July 31, 2015
This week we're highlighting more of the research that was presented at IAS 2015, including study results on two new drugs in development, cash-incentive programs for prevention, and approaches to increase treatment adherence. To beat HIV, you have to follow the science!
Study results on the new maturation inhibitor BMS-955176 (BMS-176) were presented at IAS 2015. Maturation inhibitors act at the last step of the HIV life cycle and keep the Gag protein from helping the virus to mature and become infectious. No drugs of this class have yet made it to market.
Results from a 24-week study comparing the new NNRTI (non-nucleoside reverse transcriptase inhibitor) doravirine (MK-1439) to efavirenz (Sustiva, Stocrin) were presented at IAS 2015. Both drugs were combined with tenofovir/emtricitabine.
After 24 weeks, 88.9% of patients on doravirine and 87% of those on efavirenz reached a viral load below 200 copies/mL. As for viral loads below 40 copies/mL, 73.1% of patients on doravirine and 72.2% of those on efavirenz reached this level. Additionally, the mean increase in CD4+ cell counts was 154 for the doravirine group and 146 cells for the efavirenz group.
Two clinical trials evaluating the impact of cash incentives on HIV incidence among adolescents in South Africa found that such incentives had no impact on HIV rates, while one saw a decrease in rates of herpes simplex virus.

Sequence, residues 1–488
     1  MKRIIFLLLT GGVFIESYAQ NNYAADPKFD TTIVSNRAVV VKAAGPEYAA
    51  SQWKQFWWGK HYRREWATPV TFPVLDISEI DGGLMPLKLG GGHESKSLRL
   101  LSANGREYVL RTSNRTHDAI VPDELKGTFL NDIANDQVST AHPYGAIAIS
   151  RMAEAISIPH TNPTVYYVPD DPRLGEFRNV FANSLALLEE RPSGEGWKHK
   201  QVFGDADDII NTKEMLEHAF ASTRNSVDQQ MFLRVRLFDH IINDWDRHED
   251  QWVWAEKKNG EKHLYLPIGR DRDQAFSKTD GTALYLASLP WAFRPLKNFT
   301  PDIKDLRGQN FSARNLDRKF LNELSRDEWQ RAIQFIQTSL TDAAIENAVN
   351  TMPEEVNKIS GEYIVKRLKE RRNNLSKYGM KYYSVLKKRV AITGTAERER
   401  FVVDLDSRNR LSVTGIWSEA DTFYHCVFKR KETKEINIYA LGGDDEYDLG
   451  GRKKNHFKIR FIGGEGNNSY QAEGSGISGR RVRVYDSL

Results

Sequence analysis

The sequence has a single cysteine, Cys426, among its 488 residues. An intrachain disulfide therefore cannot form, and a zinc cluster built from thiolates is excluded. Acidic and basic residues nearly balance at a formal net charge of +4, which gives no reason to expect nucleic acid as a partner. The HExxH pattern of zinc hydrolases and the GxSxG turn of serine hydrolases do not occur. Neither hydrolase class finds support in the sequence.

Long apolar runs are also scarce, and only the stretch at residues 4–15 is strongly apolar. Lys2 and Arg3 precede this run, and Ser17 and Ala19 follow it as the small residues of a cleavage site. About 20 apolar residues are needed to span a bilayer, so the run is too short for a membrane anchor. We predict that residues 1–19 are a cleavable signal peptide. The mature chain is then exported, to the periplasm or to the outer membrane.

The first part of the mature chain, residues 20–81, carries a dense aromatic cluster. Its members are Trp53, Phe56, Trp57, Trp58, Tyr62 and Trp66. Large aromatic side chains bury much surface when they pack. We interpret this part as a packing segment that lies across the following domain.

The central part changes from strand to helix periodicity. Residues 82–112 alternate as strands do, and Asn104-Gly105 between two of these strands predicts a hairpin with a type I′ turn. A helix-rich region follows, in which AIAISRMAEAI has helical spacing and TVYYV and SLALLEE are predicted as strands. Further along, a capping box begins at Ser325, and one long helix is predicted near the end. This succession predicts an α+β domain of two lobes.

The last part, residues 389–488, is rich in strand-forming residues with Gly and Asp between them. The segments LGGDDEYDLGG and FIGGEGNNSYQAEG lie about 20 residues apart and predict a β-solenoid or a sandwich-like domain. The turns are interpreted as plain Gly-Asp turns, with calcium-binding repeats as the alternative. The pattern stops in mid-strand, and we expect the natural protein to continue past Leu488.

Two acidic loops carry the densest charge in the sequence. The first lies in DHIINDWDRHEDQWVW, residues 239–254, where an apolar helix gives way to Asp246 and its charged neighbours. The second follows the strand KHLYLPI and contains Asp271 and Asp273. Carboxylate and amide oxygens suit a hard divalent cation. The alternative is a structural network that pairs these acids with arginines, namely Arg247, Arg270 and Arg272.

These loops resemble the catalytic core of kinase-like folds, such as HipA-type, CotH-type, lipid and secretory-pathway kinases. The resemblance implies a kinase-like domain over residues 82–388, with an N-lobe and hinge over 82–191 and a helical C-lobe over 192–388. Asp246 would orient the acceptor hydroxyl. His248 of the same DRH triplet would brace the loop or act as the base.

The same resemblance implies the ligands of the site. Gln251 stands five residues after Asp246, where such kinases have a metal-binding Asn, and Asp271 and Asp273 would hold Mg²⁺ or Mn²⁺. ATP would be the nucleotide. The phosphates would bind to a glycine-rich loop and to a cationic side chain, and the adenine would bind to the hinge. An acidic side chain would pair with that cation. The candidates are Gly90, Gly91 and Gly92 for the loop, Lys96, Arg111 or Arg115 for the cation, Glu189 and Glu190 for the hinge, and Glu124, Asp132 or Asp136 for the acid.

In the first study, following about 3,000 high school students, the percentage of HIV infections was 1.8% in the cash-incentive group and 1.5% in the control group, which was too small to detect a statistical difference between the two groups. Meanwhile, the second study, which tested the hypothesis that providing conditional cash incentives to keep adolescent girls in school will reduce HIV risk, also found no impact of cash incentives on the risk of HIV acquisition.
HIV-negative individuals were more likely to adhere to pre-exposure prophylaxis (PrEP) when the regimen was taken daily compared to a time-driven (two times per week) or sex-driven (one bill before and one pill after sex) basis, according to a study presented at IAS 2015.
A second study found that text message adherence support was strongly associated with blood levels of the PrEP drug, suggesting that text-based systems might increase adherence.
Implementation of community-based "adherence clubs" in Cape Town, South Africa, helped 94% of approximately 2,000 people with HIV in the study to be retained in care, and 98% be virally suppressed after a year, according to a study presented at IAS 2015
Each adherence club, which includes approximately 30 people with HIV, was facilitated by a community health worker at a community center. The group met five times a year for usually an hour or less, and included a group counseling session and opportunity for participants to pick up pre-packaged antiretroviral therapy.
Is there a development this week in HIV research that you think we missed? Send us a tip!
Warren Tong is the senior science editor for TheBody.com and TheBodyPRO.com.
Follow Warren on Twitter: @WarrenAtTheBody.
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